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Robert Greenway to Thomas Jefferson, 20 March 1821

From Robert Greenway

Dinwiddie March 20. 1821.—

Dr sir,

I herewith transmit you the Manuscript & Hortus Siccus of my Father; which, I am sorry to say, several unavoidable accidents have prevented my doing at an earlier date. The manuscript was sent early in the winter of ’19, but after being taken as far as Richmd & remaining there for several months, was unexpectedly, owing to some misunderstanding, returned to me.

After you shall have come to a determination, (as I leave it entirely discretionary with you) I should like to hear what disposition you intend making of it.—

Accept, Sir, the acknowledgment of my sincere regret for the delay which has taken place & consider me with sentiments of the greatest esteem & respect—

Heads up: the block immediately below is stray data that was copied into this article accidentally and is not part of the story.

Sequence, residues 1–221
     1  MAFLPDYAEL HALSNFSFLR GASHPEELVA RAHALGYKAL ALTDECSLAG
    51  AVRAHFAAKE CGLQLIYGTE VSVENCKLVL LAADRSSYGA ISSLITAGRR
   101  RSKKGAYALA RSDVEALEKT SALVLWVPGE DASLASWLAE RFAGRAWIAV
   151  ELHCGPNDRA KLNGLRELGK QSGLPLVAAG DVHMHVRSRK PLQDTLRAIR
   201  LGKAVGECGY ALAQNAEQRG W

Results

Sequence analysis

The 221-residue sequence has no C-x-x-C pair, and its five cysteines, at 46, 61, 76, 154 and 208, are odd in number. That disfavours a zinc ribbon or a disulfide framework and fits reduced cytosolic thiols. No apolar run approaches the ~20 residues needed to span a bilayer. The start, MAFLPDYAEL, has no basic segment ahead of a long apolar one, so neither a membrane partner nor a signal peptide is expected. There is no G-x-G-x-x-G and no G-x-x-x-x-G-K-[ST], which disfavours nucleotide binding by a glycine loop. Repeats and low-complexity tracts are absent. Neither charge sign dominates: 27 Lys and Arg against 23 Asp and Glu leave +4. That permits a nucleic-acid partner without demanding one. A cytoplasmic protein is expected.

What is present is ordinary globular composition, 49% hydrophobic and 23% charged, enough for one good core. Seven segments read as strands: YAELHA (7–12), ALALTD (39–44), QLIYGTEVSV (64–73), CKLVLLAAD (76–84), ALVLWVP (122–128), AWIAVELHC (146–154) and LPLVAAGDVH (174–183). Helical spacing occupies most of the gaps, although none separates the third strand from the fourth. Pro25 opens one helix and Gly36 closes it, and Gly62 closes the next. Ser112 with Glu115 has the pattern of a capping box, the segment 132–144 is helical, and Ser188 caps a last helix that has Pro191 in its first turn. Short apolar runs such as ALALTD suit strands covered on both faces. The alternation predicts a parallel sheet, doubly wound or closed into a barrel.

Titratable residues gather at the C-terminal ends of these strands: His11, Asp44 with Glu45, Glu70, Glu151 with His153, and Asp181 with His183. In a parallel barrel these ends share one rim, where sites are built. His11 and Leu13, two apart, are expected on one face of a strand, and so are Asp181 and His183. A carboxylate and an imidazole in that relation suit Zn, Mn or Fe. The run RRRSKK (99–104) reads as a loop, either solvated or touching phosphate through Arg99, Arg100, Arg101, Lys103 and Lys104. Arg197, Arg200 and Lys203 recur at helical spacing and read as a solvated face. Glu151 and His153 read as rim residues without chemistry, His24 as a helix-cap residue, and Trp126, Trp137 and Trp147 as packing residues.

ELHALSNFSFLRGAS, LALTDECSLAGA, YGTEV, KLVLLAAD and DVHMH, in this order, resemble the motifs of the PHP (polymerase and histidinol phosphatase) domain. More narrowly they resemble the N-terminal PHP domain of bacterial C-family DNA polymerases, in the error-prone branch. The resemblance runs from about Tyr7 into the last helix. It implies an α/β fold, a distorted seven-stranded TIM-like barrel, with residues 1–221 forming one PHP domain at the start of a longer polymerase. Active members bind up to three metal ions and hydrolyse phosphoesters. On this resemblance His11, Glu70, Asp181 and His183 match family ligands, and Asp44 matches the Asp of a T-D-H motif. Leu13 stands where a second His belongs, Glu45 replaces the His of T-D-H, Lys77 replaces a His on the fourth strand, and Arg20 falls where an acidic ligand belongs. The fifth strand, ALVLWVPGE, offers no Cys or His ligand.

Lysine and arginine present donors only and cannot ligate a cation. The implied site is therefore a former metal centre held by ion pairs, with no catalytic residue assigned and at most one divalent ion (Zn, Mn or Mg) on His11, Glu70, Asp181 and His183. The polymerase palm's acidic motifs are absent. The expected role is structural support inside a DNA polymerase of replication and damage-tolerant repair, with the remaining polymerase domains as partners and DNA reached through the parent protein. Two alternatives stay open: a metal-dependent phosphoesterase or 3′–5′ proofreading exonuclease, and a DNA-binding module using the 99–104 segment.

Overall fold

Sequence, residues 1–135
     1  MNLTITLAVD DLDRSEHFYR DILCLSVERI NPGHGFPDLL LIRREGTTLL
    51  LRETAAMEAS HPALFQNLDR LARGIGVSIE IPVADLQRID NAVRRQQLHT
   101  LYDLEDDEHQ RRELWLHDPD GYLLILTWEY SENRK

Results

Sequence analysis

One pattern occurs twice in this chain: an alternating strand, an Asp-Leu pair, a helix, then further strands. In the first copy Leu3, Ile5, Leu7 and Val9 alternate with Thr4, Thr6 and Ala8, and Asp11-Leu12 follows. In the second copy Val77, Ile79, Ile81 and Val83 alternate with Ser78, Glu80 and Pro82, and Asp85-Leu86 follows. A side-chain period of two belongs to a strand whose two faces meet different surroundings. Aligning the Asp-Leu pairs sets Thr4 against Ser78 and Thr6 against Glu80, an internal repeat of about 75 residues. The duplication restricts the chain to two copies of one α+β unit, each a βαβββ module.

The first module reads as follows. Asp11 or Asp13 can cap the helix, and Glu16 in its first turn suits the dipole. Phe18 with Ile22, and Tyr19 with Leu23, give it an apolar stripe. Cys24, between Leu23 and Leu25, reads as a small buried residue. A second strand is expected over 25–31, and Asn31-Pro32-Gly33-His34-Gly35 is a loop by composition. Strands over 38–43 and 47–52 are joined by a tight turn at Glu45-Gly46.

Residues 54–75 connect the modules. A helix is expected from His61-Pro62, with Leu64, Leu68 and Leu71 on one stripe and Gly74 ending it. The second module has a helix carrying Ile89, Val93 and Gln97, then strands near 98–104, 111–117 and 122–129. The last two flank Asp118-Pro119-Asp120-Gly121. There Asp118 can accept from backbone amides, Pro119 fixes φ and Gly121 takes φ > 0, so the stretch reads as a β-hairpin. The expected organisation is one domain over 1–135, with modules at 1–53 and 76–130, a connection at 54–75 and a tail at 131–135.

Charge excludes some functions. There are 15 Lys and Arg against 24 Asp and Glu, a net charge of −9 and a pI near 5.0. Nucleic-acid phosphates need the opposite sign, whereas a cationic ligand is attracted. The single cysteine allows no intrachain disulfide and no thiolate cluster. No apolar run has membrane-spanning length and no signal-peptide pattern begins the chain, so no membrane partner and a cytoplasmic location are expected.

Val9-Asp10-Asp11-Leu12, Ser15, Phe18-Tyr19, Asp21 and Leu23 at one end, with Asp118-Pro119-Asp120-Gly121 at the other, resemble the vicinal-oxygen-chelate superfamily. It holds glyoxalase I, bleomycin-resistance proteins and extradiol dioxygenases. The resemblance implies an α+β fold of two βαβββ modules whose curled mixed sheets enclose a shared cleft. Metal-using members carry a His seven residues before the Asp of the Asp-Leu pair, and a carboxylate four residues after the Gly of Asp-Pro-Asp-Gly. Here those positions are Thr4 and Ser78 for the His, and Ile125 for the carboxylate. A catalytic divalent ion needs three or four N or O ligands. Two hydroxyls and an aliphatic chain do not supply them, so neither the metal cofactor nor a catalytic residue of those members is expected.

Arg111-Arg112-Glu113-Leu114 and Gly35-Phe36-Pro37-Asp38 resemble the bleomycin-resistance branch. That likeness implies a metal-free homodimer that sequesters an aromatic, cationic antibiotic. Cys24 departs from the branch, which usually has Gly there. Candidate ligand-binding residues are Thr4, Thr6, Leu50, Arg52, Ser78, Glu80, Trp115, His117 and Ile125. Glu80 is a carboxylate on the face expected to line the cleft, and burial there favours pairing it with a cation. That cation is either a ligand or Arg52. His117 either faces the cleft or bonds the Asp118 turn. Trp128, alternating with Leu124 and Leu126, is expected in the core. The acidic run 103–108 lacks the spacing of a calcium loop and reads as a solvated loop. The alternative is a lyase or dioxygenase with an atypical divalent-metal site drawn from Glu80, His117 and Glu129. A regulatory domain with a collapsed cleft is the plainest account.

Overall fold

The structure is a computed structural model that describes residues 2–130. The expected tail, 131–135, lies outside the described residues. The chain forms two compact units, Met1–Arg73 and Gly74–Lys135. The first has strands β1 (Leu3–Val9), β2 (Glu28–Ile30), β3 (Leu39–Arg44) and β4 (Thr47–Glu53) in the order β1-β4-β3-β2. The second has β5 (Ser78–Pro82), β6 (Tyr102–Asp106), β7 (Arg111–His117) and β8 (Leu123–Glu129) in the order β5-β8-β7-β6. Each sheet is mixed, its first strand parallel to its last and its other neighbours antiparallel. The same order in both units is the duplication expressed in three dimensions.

Your Obt Servt

Robt Greenway

RC (DLC); at foot of text: “Thos Jefferson Esqr Monticello”; endorsed by TJ as received 13 Apr. 1821 and so recorded in SJL. Enclosures not found.

Robert Greenway (1780–1837), planter, was a son of the botanist James Greenway. A native of Dinwiddie County, he inherited his father’s plantations and mill. At his death Greenway owned personal property valued at $33,864, including sixty-eight slaves (Dinwiddie Co. Will Book, 2:194–5, 346–51; Richmond Whig and Public Advertiser, 5 Dec. 1837; gravestone inscription in Greenway Cemetery, Dinwiddie Co.).

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  • books; on botany search
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  • Greenway, Robert; identified search
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